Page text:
Aaron Roitman. Photo: Walden Theatre Alumni


By Lisa Loomer
Directed by Mitchell Martin

Review by Ben Gierhart

Entire contents are copyright © 2019 by Ben Gierhart. All rights reserved.

Every year, more than 2 million kids in America will face a period of homelessness. This from Covenant House, the largest privately funded provider in the Americas of shelter, food, immediate crisis care, and an array of other services to homeless and runaway youth. That is a pretty sobering statistic, even more so when you consider that the majority, if not all, of that 2 million struggles in silence, unseen.

Theater, in its arguably greatest capacity, has the ability to reveal the inner lives of those who are invisible to us. Those we’d rather ignore for one reason or another. This is where Lisa Loomer’s script shines.

I knew very little about this play going into it. I’m glad because it forced me to hone in on every context clue and thread of the story that the actors were delivering. I learned about how JJ’s (Aaron Roitman) bitter childhood has irrevocably damaged him to the point of being unable to fit into even the most tattered shreds of society for long. I learned how Breezy (Peighton Radlein) has become spunky and feral in order to protect herself from the contemporaneous shames of existing while pregnant, not aborting her child, but also wanting to. I learned how Franklin (Noah Bunch) is impossibly brave and steadfast in his self-knowledge: saying no to a comfortable life at home because he knows that conversion therapy is part of the deal.

When I researched the play a little more afterward, I was not surprised to discover that Lisa Loomer learned about her subject in the way that an investigative journalist might. After attending the Oregon Shakespeare Festival in Ashland, Oregon she became intrigued by a large group of homeless men and women living in Lithia Park. She immersed herself in their culture a la S.E. Hinton. Art begets art and the art that Loomer has created challenges the sense of false security each us who has never been homeless feels.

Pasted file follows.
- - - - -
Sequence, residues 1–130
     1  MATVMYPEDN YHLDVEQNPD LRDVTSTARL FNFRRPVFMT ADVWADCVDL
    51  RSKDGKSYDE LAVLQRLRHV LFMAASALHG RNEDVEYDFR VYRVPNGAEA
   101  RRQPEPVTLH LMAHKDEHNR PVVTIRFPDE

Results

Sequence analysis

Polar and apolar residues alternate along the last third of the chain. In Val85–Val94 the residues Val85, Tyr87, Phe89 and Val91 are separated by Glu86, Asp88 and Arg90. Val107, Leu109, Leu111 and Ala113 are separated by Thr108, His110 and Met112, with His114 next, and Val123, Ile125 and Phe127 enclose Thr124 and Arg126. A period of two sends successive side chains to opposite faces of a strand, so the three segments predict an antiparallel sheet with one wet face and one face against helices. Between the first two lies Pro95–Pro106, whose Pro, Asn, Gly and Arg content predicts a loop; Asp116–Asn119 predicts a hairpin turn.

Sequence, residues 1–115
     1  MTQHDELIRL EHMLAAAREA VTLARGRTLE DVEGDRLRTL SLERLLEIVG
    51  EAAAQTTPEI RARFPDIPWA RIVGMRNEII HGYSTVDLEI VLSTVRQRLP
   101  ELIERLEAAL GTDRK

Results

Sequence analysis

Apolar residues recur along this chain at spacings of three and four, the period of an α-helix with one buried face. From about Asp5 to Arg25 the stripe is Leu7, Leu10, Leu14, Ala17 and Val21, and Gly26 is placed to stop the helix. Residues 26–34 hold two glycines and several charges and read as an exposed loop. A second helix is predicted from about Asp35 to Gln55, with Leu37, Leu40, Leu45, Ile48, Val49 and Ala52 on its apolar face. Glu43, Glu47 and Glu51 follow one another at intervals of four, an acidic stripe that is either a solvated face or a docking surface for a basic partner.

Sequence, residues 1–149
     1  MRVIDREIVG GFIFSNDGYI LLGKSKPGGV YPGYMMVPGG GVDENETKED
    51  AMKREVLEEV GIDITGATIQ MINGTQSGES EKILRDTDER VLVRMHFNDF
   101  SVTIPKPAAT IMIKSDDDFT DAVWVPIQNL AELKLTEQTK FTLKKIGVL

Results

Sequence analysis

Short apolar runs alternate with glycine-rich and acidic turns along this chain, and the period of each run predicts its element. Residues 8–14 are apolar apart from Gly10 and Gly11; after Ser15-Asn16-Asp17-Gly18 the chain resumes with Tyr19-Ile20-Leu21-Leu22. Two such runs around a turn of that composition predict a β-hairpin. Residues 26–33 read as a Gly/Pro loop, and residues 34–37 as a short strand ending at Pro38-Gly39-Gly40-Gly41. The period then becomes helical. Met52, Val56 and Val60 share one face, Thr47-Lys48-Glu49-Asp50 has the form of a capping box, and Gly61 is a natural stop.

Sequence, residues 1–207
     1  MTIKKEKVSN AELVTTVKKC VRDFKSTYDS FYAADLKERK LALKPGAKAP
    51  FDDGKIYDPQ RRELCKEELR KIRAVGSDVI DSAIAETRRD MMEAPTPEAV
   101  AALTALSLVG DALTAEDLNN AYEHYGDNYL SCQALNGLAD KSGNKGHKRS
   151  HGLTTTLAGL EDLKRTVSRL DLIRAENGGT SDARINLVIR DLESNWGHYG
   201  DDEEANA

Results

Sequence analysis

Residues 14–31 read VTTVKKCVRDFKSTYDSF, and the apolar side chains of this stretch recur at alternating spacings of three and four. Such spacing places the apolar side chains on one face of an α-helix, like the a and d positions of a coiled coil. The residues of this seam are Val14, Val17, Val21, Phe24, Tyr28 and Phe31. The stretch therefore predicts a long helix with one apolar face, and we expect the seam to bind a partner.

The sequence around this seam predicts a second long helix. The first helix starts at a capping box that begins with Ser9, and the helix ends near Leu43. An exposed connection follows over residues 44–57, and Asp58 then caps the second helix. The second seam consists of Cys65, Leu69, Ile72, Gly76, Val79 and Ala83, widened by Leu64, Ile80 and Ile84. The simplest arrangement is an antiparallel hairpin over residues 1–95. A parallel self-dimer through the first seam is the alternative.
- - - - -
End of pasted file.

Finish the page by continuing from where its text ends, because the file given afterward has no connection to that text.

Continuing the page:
It is easy to think that people are homeless for a reason, that they didn’t work hard enough or that they made poor decisions. What I believe that Homefree can reveal is that maybe that’s true but maybe that doesn’t matter. Maybe the reasons behind those poor decisions and bouts of seeming laziness are brought about by unspeakable pain and suffering. And maybe that means it’s not their fault; that it can happen to any of us at any time. That’s the truly unspeakable horror that I think too many are not able to face.

All three of the main actors are sublime, but I have to give a special shout out to Aaron Roitman. Every fiber of his being was in character. His voice and body were transformed but not showy. JJ was real, and that’s an impressive feat considering how easily this role could lead to histrionics in a lesser actor’s hands.

I’m also impressed by director Mitchell Martin’s work with this piece. His staging is simple while still dynamic, and I appreciate that he is not unafraid to bring in other media when appropriate to underscore a scene.

One criticism of the script I will make is that the backstory of the characters was a little nebulous at times. There were some moments where I felt I had to read between the lines a little too much to understand a character’s motivation, but again, I do not believe that this was a shortcoming in the direction or acting.

Nevertheless, Homefree is absolutely worth seeing, and especially so since this production is partnered with Ban Conversion Therapy Kentucky and Sweet Evening Breeze LGBTQ Youth Shelter (note: $5 of each ticket sold will go to Sweet Evening Breeze). There are only three more performances in this limited run, and I urge everyone to see it.

Featuring Aaron Roitman, Peighton Radlein, Noah Bunch, Heather Green, Scott Davis, Matt Jaggers, Mackenzie Kasbaum


June 30, July 5, 6, & 7 @ 7:30 pm

Walden Theatre Alumni Company
Nancy Sexton Stage
Commonwealth Theatre Center
1123 Payne Street
Louisville, KY 40204


Ben Gierhart is a local actor, playwright, and director who has worked with several companies in town including The Bard’s Town, Pandora Productions, Savage Rose, and Centerstage. Ben serves on the board and in the acting ensemble for The Bard’s Town Theatre, and he is also a founding member of the Derby City Playwrights, a collective dedicated to creating new and exciting plays in Louisville.